26 Ιουν 2016

Military Expediture vs Environmental Protection Syspirosi Atakton



Τhe disastrous fire which has destroyed approximately 20 sq. km of our forest commons is directly linked with the government's cuts on public expenditures on vital sectors, such as social welfare and environmental protection. Employees (whether seasonal or full time) of the Forestry Department have protested in 2015 for the deep cuts the FD had to go through οn the altar of the 'Cypriot Success Story'.
In 2015, Sispirosi Atakton prepared a report comparing the military expenditure of the Republic of Cyprus against expenditure on vital sectors such as health, social protection and environmental protection. Military expenditure in the Republic of Cyprus were four times higher than the environmental protection expenditure in the public sector. This did not include the massive cuts which occured last year and does not include the increase in expenditure after the Government's decision to hire 3000 army officers as permanent staff.

Via the link below you can read the whole report which reveals how: 
- High levels of military spending in a country that is now at the epicentre of the Eurozone financial crisis played a significant role in causing its debt crisis. Although Cyprus is considered to be the most recent casualty of the financial crisis within the Eurozone, it owes some of its debt troubles to a 50% increase in military spending over the past decade, the majority of which came after 2004.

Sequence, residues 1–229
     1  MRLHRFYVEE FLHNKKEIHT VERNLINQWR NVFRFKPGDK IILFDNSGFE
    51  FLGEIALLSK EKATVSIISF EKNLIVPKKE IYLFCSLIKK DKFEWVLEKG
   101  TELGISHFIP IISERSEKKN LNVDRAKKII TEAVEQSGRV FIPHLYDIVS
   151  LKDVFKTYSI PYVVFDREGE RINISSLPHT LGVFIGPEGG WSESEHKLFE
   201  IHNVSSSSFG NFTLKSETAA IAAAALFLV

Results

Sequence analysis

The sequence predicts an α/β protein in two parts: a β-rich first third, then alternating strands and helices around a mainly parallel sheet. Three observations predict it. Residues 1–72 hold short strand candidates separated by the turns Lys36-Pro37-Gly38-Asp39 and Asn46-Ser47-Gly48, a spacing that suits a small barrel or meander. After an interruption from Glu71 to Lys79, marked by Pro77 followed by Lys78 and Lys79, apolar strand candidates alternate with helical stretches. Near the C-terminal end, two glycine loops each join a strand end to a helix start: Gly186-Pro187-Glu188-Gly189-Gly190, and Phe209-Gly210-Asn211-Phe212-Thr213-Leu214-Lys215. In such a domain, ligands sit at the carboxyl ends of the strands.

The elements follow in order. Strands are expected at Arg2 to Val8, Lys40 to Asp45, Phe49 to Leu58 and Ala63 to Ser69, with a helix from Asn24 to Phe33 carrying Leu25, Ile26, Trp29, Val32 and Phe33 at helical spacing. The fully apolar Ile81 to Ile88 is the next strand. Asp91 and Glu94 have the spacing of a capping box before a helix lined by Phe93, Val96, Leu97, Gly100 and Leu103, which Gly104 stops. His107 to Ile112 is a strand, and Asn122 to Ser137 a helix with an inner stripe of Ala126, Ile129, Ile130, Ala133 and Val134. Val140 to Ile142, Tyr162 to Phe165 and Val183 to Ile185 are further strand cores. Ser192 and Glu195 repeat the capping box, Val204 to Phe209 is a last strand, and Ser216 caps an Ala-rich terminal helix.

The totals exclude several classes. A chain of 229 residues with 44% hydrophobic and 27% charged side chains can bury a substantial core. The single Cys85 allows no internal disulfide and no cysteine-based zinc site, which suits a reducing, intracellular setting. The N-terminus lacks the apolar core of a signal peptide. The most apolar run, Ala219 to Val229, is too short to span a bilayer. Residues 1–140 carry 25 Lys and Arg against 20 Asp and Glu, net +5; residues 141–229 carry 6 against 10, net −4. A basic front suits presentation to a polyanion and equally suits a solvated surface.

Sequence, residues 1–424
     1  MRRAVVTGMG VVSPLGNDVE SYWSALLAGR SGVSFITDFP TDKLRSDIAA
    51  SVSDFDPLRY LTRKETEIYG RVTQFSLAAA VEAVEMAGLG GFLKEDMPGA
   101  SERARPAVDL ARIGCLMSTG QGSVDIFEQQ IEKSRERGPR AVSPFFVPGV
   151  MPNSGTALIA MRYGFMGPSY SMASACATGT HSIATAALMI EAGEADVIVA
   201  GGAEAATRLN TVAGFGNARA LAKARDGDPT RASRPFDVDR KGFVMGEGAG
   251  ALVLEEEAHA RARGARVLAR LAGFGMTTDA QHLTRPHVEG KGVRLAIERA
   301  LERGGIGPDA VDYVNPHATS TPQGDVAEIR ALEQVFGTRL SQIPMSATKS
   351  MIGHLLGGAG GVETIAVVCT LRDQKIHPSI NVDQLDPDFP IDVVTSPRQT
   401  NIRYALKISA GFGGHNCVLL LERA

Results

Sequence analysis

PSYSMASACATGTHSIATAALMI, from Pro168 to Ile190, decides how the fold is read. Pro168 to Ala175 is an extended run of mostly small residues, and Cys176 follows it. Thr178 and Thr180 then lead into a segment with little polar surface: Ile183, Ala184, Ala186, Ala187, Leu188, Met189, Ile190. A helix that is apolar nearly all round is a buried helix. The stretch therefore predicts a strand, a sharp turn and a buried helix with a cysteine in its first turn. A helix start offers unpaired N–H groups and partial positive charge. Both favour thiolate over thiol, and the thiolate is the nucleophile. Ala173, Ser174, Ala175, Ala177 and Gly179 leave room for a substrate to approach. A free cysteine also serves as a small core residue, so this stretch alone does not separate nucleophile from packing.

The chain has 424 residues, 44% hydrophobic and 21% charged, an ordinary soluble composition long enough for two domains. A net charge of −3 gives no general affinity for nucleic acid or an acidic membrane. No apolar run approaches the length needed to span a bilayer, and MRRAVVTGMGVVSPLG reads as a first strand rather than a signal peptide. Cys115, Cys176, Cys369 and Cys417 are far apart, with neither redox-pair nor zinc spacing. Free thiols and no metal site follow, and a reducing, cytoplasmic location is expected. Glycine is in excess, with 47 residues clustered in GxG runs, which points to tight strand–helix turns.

- The debts caused by arms sales were often a result of corrupt deals between government officials, but are being paid for by ordinary people facing savage cuts in social services. 
- Military spending has been reduced as the country has been severely affected by the crisis, but the Republic of a Cyprus
still has military spending levels comparable to or higher than ten years ago.
- When military spending cuts actually take place, there are cuts almost entirely on people – reductions in personnel, lower wages and pensions – rather than on arms purchases. 
- While the richest countries within the Eurozone have insisted on the harshest cuts of social budgets by crisis countries to pay back debts, they have been much less supportive of cuts in military spending that would threaten arms sales.
- Continued high military spending has led to a boom in arms companies’ profits and a further militarisation of our daily lives, while an even more aggressive push of arms sales is 
ignoring concerns on safeguarding human rights and reunifying the island.
- Investment in the military is the least effective way to create jobs, regardless of the other costs of military spending. At a time of desperate need for investment in job creation, supporting a bloated and wasteful military cannot be justified given how many more real - time jobs such money would create in areas such as public health, education and transport.




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